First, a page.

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Vileness against idle mode - 68%

Felix 1666, February 17th, 2017
Written based on this version: 1997, CD, Black Mark Production

Let's come straight to the point and face the facts: "Darkside" lacks substance and here comes the list of fillers. "Spawned by Evil", already released on the eponymous EP, reappears and calm instrumentals do not add value to the album. The third track is an emotional intermezzo. It is dominated by a piano which is supported by some cellos. The same applies for the seventh piece. Finally, "Nifelhel" marks the third instrumental and it sounds lame, rather uninspired and the guitar lines pass by without leaving an impact. Thus, one has to be aware that the album is not able to create an intensive listening experience - and roughly ten minutes stretch the playtime of "Darkside". To add insult to injury, the greatest nonsense is yet to come. I am speaking of "Nema", Amen in reverse. Very satanic, indeed, and further five minutes are a complete waste of time.

However, the regular tracks (including "Spawned by Evil") express the true attitude of the Swedish masters of blackened death metal. "Darkside" would have been an outstanding EP. Extremely fast and without making experiments, the band rushes through its compositions. The short running time of some songs - six of them do not exceed the four minutes mark - may give you an idea of the tempo that the Swedes prefer. This does not mean that mid-paced parts are forbidden. Alas, they are not always convincing. The fairly powerless "Bloodthirst" serves as proof in this context. Yet this remains an isolated case. The mid-tempo beginning of the title track is grimmer and more vicious. The vigorous production does the rest. Necrophobic present an album with a punchy sound and Tobbe SidegÄrd, who has been promoted to the lead vocalist, shows that he is able to manage this new task. His mean voice matches the musical vileness very well.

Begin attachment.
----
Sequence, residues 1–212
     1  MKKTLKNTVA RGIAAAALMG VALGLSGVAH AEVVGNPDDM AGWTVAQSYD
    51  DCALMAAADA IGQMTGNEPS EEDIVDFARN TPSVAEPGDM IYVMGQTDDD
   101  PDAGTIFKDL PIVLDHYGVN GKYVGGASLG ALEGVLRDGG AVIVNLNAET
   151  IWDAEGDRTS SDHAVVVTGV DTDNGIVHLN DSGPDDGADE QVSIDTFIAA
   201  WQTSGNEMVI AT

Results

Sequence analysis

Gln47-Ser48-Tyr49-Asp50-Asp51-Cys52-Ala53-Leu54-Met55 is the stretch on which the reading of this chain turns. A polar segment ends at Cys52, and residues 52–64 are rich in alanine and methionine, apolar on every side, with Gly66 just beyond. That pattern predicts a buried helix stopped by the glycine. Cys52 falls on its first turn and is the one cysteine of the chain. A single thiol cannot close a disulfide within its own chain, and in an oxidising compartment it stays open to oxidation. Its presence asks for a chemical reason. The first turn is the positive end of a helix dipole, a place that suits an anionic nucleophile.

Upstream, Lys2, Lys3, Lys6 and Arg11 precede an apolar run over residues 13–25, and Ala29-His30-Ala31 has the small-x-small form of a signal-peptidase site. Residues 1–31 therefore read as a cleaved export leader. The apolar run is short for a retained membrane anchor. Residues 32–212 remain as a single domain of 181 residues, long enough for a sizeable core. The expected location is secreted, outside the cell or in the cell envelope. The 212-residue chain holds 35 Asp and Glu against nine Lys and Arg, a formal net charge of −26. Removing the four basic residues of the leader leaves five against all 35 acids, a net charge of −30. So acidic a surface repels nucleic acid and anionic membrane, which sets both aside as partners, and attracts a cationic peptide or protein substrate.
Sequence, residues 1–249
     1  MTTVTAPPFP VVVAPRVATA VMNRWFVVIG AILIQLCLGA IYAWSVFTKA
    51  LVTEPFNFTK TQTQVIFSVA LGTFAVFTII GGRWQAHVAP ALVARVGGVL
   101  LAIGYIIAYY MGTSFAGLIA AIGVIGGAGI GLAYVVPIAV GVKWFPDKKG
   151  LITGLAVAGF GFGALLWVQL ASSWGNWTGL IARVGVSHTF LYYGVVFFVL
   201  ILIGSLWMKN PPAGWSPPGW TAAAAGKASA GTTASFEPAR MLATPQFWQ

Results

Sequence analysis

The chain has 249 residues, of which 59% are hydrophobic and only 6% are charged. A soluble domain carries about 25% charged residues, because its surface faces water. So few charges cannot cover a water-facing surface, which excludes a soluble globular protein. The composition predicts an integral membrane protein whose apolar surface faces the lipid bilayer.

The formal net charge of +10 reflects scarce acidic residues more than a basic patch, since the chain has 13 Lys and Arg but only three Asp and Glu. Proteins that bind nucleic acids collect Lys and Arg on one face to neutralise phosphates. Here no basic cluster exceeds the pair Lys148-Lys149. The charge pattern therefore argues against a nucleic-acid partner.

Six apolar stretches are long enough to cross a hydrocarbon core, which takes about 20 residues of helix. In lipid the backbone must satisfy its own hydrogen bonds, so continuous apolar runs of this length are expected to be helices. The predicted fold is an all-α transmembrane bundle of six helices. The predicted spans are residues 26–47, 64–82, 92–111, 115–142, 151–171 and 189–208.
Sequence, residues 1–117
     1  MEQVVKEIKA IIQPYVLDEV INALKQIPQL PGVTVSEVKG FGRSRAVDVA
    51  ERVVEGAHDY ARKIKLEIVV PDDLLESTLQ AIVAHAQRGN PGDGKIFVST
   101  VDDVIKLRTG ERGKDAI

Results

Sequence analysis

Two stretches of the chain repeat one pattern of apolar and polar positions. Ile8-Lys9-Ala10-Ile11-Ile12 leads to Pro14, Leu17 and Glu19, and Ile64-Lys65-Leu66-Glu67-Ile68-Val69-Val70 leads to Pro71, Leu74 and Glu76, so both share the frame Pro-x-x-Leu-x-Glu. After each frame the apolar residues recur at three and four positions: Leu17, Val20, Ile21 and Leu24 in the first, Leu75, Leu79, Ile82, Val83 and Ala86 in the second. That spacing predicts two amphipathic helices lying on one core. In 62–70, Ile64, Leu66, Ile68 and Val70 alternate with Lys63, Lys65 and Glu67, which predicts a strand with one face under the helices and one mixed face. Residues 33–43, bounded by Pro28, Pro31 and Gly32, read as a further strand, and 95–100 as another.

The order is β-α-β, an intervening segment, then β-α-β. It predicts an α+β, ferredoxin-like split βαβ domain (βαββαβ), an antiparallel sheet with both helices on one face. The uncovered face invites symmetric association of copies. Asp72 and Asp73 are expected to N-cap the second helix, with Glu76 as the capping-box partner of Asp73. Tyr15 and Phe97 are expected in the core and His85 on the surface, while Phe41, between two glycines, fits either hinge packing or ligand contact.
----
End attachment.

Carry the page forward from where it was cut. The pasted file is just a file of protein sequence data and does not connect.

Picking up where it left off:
The riffing is similar to that of the debut. In terms of sharp, precisely cutting riffs, Necrophobic get the hang on it. Guess this is nothing new, but the dominant feature of "Darkside" has to be mentioned. Inter alia the ferocious "Nailing the Holy One" mirrors the fact that Necrophobic do not lose control, even if the fury of the composition borders on barbarism and total abandon. A good song, no doubt about it, but do not expect the unholy, inscrutable depth of their later efforts such as "Shadowseeds", "I Strike with Wrath" or "For Those Who Stay Satanic". Even the fairly opulent last regular track cannot compete with these monsters. Compared with the classics of the later albums, the here presented songs suffer a tiny little bit from their flat design. Please keep in mind that this is still a pretty good album, yet in view of the enormous options of the musicians, the here reviewed work causes mixed feelings. To say nothing of the booklet. It is disfigured with an infantile picture which sends greetings to the forefathers of the so-called Islamic State. Subtlety is not among the strengths of the band - and the full-length from 1997 is, despite a handful of really exciting tracks, not among the best works of the group. Quite the opposite, "Darkside" brings up the rear.